"Sacred Bamboo Forest"
In Chinese culture, bamboo is analogous to someone of many virtues. Its hollow stem symbolizes a person's humbleness as well as an open mind. Its uprightness is considered an individual's strength and integrity. Its flexible quality is one's ability to adapt and accommodate. Being likened to bamboo means you are a balanced human being.
Bamboo is one of the “Four Noble Ones” which has been depicted in Chinese paintings since the Song Dynasty (960-1279). The other three nobles are the orchid, plum blossom and chrysanthemum.
Chi-Jen Liu's "Sacred Bamboo Forest" focuses your gaze upon the light at the end of the tunnel. In his meditations, the artist enters this bamboo grove of peace. He gathers calmness and fulfillment, and makes these invisible blessings appear in his paintings. For instance, the trees at the bottom symbolize personal growth; the sun and moon radiate mantra charms imbued with the power to release negativity and to nurture prosperity. Like ephemeral aurorae, green mantra charms for wealth float among the clouds. Chi-Jen Liu coins them, "Fantasy fortune from heaven." He encourages you to meditate in this sacred forest, to cultivate a bamboo-like nature, and to work toward your dreams.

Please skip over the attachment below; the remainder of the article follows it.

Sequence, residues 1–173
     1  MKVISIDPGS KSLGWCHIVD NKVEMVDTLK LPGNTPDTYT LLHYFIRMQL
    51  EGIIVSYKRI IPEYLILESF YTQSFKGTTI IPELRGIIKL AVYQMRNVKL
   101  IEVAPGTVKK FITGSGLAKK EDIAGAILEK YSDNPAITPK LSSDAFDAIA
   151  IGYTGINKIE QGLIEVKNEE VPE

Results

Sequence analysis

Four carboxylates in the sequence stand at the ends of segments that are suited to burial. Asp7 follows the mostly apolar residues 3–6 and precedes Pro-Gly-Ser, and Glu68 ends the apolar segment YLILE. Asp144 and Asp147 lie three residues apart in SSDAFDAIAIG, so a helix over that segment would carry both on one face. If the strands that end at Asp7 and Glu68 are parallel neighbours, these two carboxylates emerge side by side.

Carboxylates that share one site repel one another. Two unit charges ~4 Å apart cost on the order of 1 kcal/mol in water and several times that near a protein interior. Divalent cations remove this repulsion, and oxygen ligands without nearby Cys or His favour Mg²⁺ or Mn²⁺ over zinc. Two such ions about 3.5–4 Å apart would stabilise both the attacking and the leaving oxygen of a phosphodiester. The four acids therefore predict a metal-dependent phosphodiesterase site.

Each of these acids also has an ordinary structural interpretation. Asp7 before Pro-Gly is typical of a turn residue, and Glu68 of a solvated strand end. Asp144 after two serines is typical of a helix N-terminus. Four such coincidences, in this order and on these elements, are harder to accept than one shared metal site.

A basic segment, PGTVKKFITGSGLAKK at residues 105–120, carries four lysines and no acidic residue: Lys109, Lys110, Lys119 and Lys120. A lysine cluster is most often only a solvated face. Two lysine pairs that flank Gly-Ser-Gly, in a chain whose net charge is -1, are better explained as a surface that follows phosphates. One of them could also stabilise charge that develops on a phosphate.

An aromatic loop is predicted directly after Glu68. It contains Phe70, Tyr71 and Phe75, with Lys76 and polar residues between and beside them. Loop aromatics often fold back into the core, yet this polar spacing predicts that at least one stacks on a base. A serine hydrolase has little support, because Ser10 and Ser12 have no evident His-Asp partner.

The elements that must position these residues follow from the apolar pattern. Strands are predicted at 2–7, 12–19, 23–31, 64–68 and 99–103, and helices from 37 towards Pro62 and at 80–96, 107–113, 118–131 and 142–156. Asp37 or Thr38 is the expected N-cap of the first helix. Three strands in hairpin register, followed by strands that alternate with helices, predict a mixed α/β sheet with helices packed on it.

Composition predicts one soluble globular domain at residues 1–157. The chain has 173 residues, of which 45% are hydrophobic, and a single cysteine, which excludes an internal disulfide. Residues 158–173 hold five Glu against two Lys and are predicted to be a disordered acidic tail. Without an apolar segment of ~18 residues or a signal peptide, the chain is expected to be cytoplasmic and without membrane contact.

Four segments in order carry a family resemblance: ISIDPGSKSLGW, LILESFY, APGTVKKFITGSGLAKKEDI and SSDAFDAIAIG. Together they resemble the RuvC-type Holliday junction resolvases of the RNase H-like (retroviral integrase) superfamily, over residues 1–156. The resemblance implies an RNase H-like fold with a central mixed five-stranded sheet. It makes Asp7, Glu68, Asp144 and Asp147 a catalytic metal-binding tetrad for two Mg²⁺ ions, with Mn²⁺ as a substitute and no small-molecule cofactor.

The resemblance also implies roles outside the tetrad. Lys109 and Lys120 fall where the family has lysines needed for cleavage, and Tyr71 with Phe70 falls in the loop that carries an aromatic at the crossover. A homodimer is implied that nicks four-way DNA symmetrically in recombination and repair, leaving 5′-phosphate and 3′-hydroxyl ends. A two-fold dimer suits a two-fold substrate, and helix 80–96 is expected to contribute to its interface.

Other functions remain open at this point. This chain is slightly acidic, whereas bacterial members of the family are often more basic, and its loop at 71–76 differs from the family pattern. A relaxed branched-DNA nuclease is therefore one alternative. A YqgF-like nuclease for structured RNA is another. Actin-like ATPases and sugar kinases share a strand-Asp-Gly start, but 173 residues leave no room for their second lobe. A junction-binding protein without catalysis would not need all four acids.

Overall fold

Trees make the forest; they symbolize life. Their hidden roots represent our culture, our ancestors, and the past experiences that define who we are today. Their outstretched branches represent our accomplishments, our children, and our hopes for the future. Flowering or fruit-bearing branches symbolize the beautiful qualities we have cultivated or the rewards of our efforts.
Many of the “Forest Series” paintings feature pines, palms, and bamboo. Pine trees are known to endure high altitudes, cold and dry climates, and in some cases, live to be over 1,000 years old! Hence, they symbolize rising above obstacles and longevity. Palm trees thrive in tropical and warm climates. They grow fast and tall – bending, but rarely breaking – so they convey growth and resilience. They also bear fruits like coconuts and dates, and provide welcome shade; so they denote fertility and peace as well. Bamboo is one of the fastest growing plants in the world. It is known for its versatile uses in the culinary arts, building materials, textiles, instruments and tools. Bamboo is highly regarded in feng shui. It is often placed in homes and offices to attract energy for good fortune.
Chi-Jen Liu includes the moon and the sun in almost all of his artworks. These cosmic icons represent nature’s balancing act of night and day. The moon carries feminine, or yin, energy; the sun embodies masculine, or yang, energy. Yin-yang is the fundamental concept behind Taoism. It is the dual quality of Mother Nature – dark and light, cool and warm, female and male – that permeates the world and sustains the cycles of creation.